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The conventional wisdom is that you hire for culture fit. The thinking is that you want to find candidates who will be the best fit with the culture of the organization. These candidates are likely to be better team players, more productive, more engaged, and will stay with the organization longer.

A lot of smart minds in the HR leadership space are now saying that hiring for “culture fit” may not be the best strategy after all.

A recent Harvard Business Review article, “How To Hire,” by the always- on- target Patty McCord (former Chief Talent Officer for Netflix and now a very in-demand consultant), challenged many of the perspectives that I previously had around how to hire and build high-performance teams successfully.

In the article, McCord calls out what she says are many of the faulty assumptions that companies have about hiring. Through the great examples she provides from her experience at Netflix, McCord offers a new way of thinking about how all of us hire talent.

One hiring assumption McCord tackles head-on is the hiring strategy based on the “culture fit” of a candidate. She sums it up this way:


Finding the right people is also not a matter of “culture fit.” What most people really mean when they say someone is a good fit culturally is that he or she is someone they’d like to have a beer with.

But people with all sorts of personalities can be great at the job you need done. This misguided hiring strategy can also contribute to a company’s lack of diversity, since very often the people we enjoy hanging out with have backgrounds much like our own.

Making great hires is about recognizing great matches—and often they’re not what you’d expect.


McCord is telling us that hiring for culture fit can potentially hinder the objective of bringing in a diverse set of opinions and skill sets. This can also lead to a narrower cross-cultural and multi-ethnic workforce. (Yes, this happens. Look at the lack of diversity in start-ups and tech firms.)

Does this all mean that culture is not important?

Of course not.

An article in CIO magazine appropriately titled, “How To Keep Culture Fit From Killing Workplace Diversity,” outlines how firms can continue to focus on building and maintaining their culture without creating a workplace of sameness and conformity:


By focusing on concrete values instead of a vague notion of culture, larger, established organizations are having greater success moving the needle on both culture and diversity and inclusion (D&I),’ says  Anka Wittenberg, chief diversity and inclusion officer and SVP at SAP.

If you’re hiring only for cultural fit, it’s like planting a forest with only one kind of tree — you get a monoculture. It’s not sustainable; so we focus on what our values are as a company, and how each individual we consider hiring embodies those. We don’t hire specifically for culture fit, but on how those values are lived by candidates, Wittenberg says.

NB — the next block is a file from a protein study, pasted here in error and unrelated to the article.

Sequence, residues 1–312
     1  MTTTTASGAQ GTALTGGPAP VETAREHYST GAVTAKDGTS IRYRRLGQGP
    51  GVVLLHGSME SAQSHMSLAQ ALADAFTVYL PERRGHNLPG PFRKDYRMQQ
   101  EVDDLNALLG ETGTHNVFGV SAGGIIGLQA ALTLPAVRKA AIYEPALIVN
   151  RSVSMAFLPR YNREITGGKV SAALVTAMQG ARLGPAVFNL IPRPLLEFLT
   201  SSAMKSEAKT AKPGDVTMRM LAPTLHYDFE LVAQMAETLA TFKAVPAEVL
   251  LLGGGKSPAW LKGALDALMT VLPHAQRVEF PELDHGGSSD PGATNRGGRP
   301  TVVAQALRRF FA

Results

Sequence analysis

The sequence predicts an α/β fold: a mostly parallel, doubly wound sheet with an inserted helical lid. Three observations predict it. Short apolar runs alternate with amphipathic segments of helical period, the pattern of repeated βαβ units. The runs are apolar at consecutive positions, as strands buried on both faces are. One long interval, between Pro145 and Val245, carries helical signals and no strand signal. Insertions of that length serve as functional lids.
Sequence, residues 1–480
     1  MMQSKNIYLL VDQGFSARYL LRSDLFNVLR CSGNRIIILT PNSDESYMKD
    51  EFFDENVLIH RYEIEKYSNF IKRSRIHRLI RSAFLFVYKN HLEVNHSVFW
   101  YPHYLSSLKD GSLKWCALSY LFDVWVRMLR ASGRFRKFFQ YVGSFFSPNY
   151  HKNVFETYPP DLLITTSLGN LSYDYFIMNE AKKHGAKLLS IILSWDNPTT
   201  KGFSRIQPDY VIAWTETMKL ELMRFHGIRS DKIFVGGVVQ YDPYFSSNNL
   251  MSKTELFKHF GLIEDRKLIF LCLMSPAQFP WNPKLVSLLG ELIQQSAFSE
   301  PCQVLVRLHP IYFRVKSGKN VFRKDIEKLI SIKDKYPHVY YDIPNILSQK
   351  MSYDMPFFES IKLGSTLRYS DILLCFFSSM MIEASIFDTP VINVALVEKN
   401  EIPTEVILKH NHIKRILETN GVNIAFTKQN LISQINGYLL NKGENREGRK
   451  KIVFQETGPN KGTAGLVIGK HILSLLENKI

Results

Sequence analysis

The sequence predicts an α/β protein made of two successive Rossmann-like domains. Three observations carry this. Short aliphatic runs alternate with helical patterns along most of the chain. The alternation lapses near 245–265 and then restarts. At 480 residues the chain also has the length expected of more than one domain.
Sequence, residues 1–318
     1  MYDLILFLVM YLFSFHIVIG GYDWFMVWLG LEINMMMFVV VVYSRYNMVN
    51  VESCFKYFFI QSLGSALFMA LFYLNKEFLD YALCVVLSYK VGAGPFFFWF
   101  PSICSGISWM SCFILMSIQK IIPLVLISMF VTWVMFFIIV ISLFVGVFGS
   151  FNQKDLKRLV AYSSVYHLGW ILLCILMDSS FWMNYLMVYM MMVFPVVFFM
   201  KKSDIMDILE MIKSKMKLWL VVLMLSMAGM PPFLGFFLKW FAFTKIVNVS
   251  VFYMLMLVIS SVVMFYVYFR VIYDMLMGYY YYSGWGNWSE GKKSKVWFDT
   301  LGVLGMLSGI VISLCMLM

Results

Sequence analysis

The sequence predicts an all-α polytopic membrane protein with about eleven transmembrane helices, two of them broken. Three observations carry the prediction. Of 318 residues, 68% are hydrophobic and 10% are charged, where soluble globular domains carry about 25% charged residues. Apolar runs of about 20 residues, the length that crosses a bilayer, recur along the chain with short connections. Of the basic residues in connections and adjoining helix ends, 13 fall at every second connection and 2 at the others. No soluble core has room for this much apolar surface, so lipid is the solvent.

The article additionally discusses how Intel balances culture and values with diversity.

Intel focuses on having an intersectional hiring team working to source and screen intersectional candidates,’ says Barb Whye, vice president of human resources and chief diversity and inclusion officer at Intel, and to ensure candidates are in line with Intel’s values from the start.”


First and foremost, we operate based on our value systems. We hire based on whether or not candidates are innovative, results-oriented, accountable, driven, and whether they can demonstrate open, honest communication skills. Part of that inclusive methodology is that, yes, we have a diverse panel of interviewers, but we also demand diverse candidates. Another thing: We require that a formal job requisition is always posted; none of this sliding in candidates based on their friendship with an employee, or getting around our process. And that goes all the way from the highest executive levels down, Whye says.


Is it time to rethink having culture fit be the basis for making your next hiring decision? If you want to create a diverse workplace that embraces the full spectrum of people who can excel in the position, the answer is yes. It is also important to note that culture fit and values can get mixed up. When it comes to hiring for values, organizations should seek out uniformity because they want everyone to embrace the key values which guide the organization.

Patrick Lynch is the President of CMP – Southeast, an OI Global Partners talent and transition firm in the business of developing people and organizations across the full talent lifecycle – from talent acquisition and leadership development to organization development and outplacement/career transition support.

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